My brother's keeper : African Canadians and the American Civil War / Bryan Prince
- Prince, Bryan, 1951-
- Toronto : Dundurn Press, 
- Physical Description:
- 347 pages : illustrations ; 23 cm
- Machine generated contents note: ch. 1 One Soldier's Story -- ch. 2 Canada and the Civil War -- ch. 3 Recruiters -- ch. 4 Soldiers -- ch. 5 "They also serve ..." Doctors, Nurses, and Chaplains -- ch. 6 Battles -- ch. 7 The War at Home -- ch. 8 Freedmen's Inquiry Commission -- ch. 9 The War's End -- ch. 10 War's Aftermath.
- The story of African Canadians who fled slavery in the United States but returned to enlist in the Union forces during the American Civil War. On New Year's Eve in 1862, blacks from across British North America joined in spirit with their American fellows in silent vigils to await the enactment of President Lincoln's Emancipation Proclamation. The terms declared that slaves who were held in the districts that were in rebellion would be free and that blacks would now be allowed to enlist in the Union Army and participate in the civil war that had then raged for more than a year and a half. African Canadians who had fled from the United States had not forgotten their past and eagerly sought to do their part in securing rights and liberty for all. Leaving behind their freedom in Canada, many enlisted in the Union cause. Most served as soldiers or sailors while others became recruiters, surgeons, or regimental chaplains. Entire black communities were deeply affected by this war that profoundly and irrevocably changed North American history.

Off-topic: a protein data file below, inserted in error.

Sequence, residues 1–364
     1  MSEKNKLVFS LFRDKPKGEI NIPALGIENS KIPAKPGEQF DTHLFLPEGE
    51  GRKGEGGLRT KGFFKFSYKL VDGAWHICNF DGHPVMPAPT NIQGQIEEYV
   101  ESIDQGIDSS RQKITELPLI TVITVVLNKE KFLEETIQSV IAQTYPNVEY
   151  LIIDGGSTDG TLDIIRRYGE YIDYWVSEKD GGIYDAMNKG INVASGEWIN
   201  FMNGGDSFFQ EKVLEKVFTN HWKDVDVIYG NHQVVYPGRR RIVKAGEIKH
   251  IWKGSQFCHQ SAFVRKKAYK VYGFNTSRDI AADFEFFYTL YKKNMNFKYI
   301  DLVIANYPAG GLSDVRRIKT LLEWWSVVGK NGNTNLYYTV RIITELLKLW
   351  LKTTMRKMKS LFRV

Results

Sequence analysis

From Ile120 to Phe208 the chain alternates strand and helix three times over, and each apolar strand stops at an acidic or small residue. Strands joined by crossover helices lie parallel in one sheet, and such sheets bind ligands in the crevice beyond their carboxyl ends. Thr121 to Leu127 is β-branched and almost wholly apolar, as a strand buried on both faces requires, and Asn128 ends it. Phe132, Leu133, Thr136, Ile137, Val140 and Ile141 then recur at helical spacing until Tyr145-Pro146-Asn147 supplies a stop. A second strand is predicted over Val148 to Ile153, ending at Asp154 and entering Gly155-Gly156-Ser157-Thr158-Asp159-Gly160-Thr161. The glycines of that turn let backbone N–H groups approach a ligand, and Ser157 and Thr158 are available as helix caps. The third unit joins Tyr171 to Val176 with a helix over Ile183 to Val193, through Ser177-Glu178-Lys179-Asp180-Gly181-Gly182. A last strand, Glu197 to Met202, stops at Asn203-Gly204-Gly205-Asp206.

- 9781459705708 (pbk.)
- Bibliography Note:
- Includes bibliographical references (pages 326-330) and index.
- Other Forms:
- Issued also in electronic format.
View MARC record | catkey: 17036362